While people who are segregated have a common sense of not living in Canada, their unique perceptions of discrimination are based on their cultural and ethnic background. In order to better understand the living experiences of non -white Canadians, these independent organizations needed to be established.

Homogenized under one acronym

The life sciences of blacks, indigenous people and people of color are constantly combined under one acronym – BIPOC. The amalgamation or amalgamation of ethnic communities under one term eliminates the identity and identity of ethnic groups.

This acronym treats the general public in general, erasing their independent knowledge. As a common acronym, BIPOC believes in a close and intimate relationship between people of color. Everyone’s skin color was different, it was different for holding a white supremacy and trying to rule over non -whites.

By 2020 New York Times Article, author Charmaine Nelson writes about the use of BIPOC to wipe out black, indigenous, Asian, South East India and need to be segregated among ethnic groups. The argument is that homogenizing the life experiences of the people being modeled erases their life experiences.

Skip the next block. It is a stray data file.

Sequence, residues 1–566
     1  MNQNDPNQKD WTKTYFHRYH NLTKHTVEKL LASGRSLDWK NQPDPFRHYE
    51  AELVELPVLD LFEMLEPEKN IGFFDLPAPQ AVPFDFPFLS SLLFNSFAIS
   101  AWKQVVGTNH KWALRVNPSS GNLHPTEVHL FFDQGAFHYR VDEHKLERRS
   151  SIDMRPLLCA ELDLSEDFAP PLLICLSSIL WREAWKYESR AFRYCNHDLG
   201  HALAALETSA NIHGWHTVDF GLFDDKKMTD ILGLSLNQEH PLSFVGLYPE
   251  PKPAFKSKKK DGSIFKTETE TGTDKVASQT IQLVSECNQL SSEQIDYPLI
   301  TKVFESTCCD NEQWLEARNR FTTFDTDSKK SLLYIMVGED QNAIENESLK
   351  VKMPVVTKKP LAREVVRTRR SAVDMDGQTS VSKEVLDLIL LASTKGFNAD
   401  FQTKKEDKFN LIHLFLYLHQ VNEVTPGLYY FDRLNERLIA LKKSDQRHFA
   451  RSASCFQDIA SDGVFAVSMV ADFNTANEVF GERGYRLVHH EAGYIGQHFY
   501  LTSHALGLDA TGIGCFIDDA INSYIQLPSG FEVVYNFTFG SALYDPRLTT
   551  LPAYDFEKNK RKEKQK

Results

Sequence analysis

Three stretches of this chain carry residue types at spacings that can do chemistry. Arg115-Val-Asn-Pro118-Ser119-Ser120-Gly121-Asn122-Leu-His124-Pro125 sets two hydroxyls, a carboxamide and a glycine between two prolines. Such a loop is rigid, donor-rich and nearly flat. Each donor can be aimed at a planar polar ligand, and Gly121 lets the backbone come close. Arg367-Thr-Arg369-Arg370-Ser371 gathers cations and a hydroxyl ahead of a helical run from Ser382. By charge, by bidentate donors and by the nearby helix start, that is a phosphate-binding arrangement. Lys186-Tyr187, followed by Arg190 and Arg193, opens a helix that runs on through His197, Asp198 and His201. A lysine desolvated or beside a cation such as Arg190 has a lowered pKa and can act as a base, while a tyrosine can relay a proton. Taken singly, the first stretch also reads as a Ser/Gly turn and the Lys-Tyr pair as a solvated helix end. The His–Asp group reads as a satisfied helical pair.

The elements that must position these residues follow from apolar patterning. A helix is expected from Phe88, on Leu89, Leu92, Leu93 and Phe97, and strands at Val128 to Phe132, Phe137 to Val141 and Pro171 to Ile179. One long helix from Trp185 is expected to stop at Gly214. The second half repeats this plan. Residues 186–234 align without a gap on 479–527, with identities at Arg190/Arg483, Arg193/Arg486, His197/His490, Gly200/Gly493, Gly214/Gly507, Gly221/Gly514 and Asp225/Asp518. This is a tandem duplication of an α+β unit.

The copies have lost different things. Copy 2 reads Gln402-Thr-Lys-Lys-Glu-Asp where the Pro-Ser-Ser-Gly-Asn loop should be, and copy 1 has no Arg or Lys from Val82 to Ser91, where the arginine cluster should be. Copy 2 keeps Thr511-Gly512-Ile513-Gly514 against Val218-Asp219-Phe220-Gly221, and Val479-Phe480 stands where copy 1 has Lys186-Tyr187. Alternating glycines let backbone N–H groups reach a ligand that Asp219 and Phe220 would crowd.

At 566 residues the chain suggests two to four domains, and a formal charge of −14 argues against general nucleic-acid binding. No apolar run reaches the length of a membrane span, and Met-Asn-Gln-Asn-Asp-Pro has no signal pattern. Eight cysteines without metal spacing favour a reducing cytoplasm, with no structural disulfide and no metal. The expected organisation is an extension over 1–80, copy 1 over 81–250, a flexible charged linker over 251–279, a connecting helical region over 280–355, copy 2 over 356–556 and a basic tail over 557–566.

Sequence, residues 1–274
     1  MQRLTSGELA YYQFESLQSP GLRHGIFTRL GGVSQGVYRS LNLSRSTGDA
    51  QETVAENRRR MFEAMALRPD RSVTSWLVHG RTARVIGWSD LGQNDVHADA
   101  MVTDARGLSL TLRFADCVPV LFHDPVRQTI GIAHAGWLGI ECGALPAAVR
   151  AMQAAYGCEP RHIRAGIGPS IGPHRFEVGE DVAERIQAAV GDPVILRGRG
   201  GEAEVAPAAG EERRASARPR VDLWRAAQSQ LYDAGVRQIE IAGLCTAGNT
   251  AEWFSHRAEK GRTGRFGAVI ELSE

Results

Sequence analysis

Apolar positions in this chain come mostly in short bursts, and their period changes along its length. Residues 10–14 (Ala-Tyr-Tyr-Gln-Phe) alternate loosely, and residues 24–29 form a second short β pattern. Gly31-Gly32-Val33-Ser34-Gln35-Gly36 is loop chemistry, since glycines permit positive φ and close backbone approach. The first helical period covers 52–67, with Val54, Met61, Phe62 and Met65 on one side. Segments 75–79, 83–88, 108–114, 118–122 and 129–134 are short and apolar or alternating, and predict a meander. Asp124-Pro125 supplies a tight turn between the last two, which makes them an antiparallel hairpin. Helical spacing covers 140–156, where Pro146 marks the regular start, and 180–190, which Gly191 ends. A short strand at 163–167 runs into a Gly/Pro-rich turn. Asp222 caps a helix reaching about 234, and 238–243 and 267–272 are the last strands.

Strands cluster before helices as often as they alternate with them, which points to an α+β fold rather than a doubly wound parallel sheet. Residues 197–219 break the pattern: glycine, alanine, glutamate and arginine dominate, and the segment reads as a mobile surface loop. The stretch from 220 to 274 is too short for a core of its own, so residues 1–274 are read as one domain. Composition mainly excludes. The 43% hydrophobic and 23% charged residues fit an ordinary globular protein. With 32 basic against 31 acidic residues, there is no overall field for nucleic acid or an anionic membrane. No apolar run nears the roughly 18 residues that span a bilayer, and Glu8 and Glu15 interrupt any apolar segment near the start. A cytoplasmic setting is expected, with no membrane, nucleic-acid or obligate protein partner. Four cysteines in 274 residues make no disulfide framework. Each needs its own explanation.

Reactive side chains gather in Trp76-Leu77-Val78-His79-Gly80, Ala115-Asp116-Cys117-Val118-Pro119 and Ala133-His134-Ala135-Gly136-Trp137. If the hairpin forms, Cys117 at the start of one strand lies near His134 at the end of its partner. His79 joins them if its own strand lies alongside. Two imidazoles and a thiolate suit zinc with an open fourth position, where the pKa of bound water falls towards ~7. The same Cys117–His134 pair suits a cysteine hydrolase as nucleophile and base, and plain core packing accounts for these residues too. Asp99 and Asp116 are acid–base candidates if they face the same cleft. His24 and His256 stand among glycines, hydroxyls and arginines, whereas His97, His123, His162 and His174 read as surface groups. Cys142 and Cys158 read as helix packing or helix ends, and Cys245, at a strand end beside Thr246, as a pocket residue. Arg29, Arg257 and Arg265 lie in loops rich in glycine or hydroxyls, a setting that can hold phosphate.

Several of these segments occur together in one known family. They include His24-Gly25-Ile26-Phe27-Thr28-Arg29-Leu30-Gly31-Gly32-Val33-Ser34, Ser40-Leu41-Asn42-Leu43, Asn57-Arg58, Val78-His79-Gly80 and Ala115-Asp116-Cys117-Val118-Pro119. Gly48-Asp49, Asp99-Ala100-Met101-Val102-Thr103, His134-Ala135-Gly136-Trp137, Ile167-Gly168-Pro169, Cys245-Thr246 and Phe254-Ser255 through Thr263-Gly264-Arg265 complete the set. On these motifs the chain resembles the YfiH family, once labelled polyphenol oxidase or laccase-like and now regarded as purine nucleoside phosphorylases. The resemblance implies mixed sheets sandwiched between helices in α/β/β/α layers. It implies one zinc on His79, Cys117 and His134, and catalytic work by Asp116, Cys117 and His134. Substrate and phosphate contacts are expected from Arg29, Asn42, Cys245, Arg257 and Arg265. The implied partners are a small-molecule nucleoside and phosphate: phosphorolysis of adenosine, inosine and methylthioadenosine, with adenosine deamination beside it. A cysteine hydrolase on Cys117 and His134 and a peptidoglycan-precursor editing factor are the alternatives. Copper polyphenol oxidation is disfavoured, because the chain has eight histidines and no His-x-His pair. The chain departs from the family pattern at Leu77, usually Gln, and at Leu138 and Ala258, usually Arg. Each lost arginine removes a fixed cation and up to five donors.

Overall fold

The acronym BIPOC demeans the perception of the aspects of oppression that can be perceived by the human race. This colonial way of understanding people who do not know their races and communities, perpetuates ignorance about racism. Homogenizing people, especially Blacks, do not look at the intersectional sides of anti-Black racism and maintain a lack of awareness of the oppression of black men and women.

Unity should not be tested by the purification and homogenization of human data. The establishment of true unity among peoples requires not only unity, but acceptance and respect for differences.

It can be a threat to health care and anti-LGBTQ policies

Presented by The Conversation

This article is republished under The Conversation under a Creative Commons license. Read the original article.The Conversation

Directions: People’s Skin Color Doesn’t Matter (2022, April 8) Retrieved April 8, 2022 from https://phys.org/news/2022-04-colour-skin-doesnt-equate -definitive.html